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What is a Jelly Palm?

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  • Edited By: A. Joseph
  • Last Modified Date: 25 August 2016
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The jelly palm is a small, hardy palm tree native to Brazil. It has the scientific name of Butia capitata and is also known by the names pindo palm and wine palm. Many of its names come from its edible orange fruit, sometimes called pindo dates, that are medium in size and are often used to make jams, jellies and wine. The large leaves, which are feathery and often green with a silver tint, arch down and in toward the palm's thick trunk.

Germination of the jelly palm seed can be erratic, taking a few weeks or months and sometimes more than a year. The process can be hastened with warm soil temperatures of 80-90 degrees Fahrenheit (27-32 degrees Celsius). It is more hardy than many tropical plants, making it suitable for a large range of climates.

The jelly palm is a small tree, usually growing 10-20 feet (3-6 m) tall. When the palm is raised in soil that is dry and of poor quality, the specimen tends to be smaller. Trees that are shaded tend to be more graceful and lean in their looks. Taller trees typically are more difficult to grow, and many specimens of the jelly palm will remain less than 15 feet (4.5 m) tall.

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The large, delicate leaves of jelly palm make it popular as an ornamental tree, but it is quite brittle and prone to damage, particularly in high winds. It is a drought-tolerant tree that will grow in many conditions, but warm to mild environments are preferred. During cold winters, the tree might need to be wrapped for protection, although being one of the hardiest palms, it can survive temperatures as low as 10 degrees Fahrenheit (12 degrees Celsius).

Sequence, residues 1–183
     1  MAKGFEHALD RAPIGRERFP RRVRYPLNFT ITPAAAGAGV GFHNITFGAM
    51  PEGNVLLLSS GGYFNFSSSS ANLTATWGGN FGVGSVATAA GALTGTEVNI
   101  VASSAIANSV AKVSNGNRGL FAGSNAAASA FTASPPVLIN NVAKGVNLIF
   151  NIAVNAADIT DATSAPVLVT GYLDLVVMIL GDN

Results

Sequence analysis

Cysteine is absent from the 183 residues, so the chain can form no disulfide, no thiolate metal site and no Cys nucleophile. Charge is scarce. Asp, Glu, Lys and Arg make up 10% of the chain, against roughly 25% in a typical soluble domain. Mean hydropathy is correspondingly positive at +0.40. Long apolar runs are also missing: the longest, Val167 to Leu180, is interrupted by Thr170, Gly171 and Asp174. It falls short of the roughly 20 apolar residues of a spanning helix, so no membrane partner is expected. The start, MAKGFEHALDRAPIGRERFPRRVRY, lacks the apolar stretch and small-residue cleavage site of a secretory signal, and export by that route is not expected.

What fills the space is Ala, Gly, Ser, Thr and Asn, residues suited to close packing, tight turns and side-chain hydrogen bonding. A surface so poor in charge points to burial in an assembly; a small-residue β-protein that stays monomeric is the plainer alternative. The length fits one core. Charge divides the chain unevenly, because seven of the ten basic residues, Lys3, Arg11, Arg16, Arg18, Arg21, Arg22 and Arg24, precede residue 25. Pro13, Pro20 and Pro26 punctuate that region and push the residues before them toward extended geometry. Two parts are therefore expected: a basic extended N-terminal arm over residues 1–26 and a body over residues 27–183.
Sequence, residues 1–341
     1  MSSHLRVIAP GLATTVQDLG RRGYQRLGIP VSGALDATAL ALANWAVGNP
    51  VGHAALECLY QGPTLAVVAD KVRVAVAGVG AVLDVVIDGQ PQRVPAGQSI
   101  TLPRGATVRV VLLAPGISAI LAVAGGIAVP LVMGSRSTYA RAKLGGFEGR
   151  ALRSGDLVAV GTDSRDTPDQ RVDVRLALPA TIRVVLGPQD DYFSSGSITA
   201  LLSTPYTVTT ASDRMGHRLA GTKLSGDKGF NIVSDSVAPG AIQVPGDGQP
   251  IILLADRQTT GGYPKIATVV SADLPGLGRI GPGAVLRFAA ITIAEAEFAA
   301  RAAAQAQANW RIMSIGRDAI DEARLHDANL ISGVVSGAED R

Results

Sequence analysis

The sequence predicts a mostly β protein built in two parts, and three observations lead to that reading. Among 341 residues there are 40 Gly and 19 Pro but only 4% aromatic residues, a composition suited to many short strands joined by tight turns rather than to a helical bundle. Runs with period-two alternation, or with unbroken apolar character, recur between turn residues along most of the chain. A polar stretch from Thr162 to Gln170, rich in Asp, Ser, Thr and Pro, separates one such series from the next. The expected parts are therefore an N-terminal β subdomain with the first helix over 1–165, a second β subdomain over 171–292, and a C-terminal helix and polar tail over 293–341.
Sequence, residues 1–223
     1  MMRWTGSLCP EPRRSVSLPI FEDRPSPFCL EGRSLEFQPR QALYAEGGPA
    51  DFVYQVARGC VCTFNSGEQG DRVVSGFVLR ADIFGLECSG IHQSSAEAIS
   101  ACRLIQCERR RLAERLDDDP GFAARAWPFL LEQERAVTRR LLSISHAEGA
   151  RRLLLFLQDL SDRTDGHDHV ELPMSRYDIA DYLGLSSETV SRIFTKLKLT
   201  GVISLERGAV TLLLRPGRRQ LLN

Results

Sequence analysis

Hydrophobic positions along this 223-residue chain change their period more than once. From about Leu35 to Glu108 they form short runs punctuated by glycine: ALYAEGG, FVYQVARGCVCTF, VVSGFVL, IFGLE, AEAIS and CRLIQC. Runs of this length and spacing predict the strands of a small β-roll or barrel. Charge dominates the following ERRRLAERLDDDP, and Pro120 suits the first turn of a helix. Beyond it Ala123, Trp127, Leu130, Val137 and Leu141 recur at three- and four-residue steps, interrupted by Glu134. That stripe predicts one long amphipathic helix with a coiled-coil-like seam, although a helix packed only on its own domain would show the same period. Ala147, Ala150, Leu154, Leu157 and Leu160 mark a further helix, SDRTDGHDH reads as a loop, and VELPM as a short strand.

The jelly palm flowers numerous buds that open into small, creamy yellow and and almost red flowers. The fruit is approximately 1 inch (2.5 cm) in size and ranges in color from yellow to orange. The fruit is said to be sweet-tart and can be eaten fresh. It is most commonly used to make jellies and wines. The fruit contains a single seed and is usually abundant.

Hybridization is possible with the jelly palm, and it is possible that this is responsible for the large variety in size and shape of specimens. There are several other species with which it can hybridize, including Butia yatay, Butia eriospatha and Butia paraguayensis. The mule palm, or X Butiagrus nabonnandii, is a sterile hybrid that results from crossing the jelly palm with Syagrus romanzoffiana, the queen palm. They are hand-pollinated and can fetch high prices because of this.

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